When Higher-Ups Make Sky-High Decisions Without Seeing The Floor

, , , , , | Working | September 29, 2019

Years ago, I worked at a company that made computerized equipment. They had a machine shop, and I got to know the machinists slightly. These guys could make anything, and did, saving the company the need and expense of dealing with outside shops for this work. The shop charged the work they did to the projects it was for. When the shop was idle, time was charged to an overhead account.  

When the bean counters got hold of the books, they decided the overhead account was wasted money and should be eliminated. So, the policy was changed: all machinist time had to be charged to project.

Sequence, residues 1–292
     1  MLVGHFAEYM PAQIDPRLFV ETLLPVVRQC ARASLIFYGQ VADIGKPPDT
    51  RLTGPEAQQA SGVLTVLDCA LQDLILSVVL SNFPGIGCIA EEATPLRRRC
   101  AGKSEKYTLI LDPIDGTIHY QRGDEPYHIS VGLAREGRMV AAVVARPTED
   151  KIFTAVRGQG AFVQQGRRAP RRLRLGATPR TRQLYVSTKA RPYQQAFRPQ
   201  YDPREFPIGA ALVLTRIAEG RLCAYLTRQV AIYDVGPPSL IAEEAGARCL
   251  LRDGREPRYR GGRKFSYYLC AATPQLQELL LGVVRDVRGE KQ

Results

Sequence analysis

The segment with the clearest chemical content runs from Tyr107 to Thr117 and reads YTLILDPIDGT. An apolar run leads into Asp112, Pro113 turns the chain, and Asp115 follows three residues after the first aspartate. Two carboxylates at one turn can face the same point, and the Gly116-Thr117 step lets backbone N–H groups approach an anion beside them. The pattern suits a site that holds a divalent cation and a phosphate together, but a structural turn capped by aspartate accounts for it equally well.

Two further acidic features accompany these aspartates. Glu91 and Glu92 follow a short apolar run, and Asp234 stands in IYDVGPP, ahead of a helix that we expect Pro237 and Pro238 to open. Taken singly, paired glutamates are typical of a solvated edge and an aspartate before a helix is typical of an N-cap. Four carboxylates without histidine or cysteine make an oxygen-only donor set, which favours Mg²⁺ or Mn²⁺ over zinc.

Suddenly, the price of a bracket (or whatever) went from a realistic figure to something outrageous if the shop was otherwise idle that week. The project managers, who had limited budgets, went through the roof. To “save” money, they started contracting their parts outside machine shop. Now money was flowing out of the company.  

Soon the machine shop was shut down and the machines sold off. What a cost savings!

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